Date of Final Oral Examination (Defense)
Type of Culminating Activity
Master of Science in Geophysics
Lee M. Liberty, Ph.D.
Paul Michaels, Ph.D.
John Bradford, Ph.D.
Determining how a building site will respond to earthquake ground shaking plays a critical role in proper construction practices. One critical constraint on how a site responds is the near surface shear wave seismic velocity distribution. One commonly used method for indirectly estimating shear wave velocities is Multichannel Analysis of Surface Waves (MASW), which utilizes a spread of vertical geophones to measure Rayleigh wave dispersion. With this approach, phase velocity vs. frequency dispersion curve picks can be used to estimate shear wave velocities with depth. I investigate the use of two (vertical and horizontal inline) component seismic signals to record the elliptical Rayleigh wave motion for improved constraints on the phase velocity vs. frequency relationship in a process I term Multi-Component Analysis of Surface Waves (MCASW). Using MCASW allows me to better constrain Rayleigh wave dispersion at lower frequencies, leading to more accurate estimates of shear wave velocities at greater depths compared to the traditional MASW approach. I can also use multiple seismic components to determine particle motions to identify and remove select Rayleigh wave modes. I show that my polar mute approach leads to a further improvement of shear wave velocity estimates from Rayleigh wave signals.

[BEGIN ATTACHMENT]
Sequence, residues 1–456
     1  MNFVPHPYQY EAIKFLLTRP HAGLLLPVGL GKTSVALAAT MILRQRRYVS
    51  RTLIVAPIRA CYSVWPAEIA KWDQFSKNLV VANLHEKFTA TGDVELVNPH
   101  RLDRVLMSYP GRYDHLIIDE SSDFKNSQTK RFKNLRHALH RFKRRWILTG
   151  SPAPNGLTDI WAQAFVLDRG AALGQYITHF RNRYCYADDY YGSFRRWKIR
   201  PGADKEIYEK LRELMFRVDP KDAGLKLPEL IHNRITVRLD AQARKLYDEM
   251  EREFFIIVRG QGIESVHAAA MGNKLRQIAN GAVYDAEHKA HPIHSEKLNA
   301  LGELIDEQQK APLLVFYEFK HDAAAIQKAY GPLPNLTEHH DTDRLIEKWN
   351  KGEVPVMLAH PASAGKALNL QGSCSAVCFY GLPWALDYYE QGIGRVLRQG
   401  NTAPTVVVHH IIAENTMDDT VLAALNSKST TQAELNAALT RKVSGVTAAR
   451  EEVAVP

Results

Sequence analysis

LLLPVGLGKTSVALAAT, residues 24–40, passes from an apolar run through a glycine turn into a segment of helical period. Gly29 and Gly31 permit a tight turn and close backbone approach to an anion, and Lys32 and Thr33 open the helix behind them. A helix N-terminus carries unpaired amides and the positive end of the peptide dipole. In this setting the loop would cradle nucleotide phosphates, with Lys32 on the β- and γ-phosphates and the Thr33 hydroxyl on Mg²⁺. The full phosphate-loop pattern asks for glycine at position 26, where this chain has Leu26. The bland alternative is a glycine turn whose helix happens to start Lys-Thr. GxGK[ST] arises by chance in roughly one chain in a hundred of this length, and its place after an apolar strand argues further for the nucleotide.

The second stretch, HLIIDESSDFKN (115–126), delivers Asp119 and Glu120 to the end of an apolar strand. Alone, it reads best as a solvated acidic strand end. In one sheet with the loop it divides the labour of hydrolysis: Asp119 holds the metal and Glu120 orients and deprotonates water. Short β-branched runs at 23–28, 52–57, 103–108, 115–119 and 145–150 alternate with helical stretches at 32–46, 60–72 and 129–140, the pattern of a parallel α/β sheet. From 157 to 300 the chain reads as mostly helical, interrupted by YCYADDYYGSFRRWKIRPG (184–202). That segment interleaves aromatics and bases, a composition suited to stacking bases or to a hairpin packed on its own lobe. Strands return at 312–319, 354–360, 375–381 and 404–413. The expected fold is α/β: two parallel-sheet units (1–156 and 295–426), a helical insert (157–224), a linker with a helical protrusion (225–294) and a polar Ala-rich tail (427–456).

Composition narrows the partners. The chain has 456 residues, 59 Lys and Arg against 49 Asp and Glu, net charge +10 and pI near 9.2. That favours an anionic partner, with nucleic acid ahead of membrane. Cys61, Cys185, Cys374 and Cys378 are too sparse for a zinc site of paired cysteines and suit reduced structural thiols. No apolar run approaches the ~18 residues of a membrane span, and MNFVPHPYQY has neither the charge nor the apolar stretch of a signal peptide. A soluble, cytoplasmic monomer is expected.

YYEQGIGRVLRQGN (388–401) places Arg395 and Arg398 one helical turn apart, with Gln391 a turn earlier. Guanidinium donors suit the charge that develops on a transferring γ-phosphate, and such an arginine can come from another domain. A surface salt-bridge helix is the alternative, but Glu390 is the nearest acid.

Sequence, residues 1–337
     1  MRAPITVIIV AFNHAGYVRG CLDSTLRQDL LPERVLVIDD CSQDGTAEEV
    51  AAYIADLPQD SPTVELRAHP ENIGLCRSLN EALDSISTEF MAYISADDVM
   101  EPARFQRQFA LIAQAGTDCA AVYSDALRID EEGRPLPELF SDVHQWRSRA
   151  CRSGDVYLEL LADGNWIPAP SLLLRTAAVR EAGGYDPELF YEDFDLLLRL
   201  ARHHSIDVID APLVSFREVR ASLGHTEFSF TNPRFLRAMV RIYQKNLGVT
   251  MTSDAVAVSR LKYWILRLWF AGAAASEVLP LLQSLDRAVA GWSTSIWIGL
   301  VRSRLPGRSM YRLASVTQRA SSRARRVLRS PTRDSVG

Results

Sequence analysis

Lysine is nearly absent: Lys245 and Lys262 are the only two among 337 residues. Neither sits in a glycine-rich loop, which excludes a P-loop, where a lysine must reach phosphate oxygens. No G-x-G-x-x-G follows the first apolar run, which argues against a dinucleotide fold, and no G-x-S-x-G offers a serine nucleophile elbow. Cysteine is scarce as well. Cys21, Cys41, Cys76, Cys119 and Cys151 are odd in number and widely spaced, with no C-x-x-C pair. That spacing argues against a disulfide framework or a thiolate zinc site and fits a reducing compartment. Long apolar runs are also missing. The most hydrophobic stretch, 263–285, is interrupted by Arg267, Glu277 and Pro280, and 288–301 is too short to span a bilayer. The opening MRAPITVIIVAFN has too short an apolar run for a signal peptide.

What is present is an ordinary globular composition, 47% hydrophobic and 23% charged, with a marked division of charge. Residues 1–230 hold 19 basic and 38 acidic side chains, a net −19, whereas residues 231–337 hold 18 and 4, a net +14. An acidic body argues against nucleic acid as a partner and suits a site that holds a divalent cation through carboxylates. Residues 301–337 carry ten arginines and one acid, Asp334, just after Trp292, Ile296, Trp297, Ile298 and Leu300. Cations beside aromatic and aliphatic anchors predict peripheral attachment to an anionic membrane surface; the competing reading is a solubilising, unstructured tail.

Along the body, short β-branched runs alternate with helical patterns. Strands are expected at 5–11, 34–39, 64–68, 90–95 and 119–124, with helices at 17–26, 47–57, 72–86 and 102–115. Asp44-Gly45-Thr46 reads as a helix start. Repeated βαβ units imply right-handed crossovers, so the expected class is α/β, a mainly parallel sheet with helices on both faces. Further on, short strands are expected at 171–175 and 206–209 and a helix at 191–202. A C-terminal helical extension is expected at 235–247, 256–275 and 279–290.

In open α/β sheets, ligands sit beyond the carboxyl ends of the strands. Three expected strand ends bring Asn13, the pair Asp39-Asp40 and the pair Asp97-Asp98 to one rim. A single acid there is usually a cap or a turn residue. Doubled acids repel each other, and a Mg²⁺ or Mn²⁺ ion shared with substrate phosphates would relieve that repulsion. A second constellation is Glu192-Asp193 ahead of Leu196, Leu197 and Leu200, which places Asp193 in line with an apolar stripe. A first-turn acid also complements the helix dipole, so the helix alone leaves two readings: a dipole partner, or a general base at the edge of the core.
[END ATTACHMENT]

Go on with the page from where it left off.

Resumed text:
Gribler, Gabriel, "Multi-Component Active Source Rayleigh Wave Analysis" (2015). Boise State University Theses and Dissertations. 990.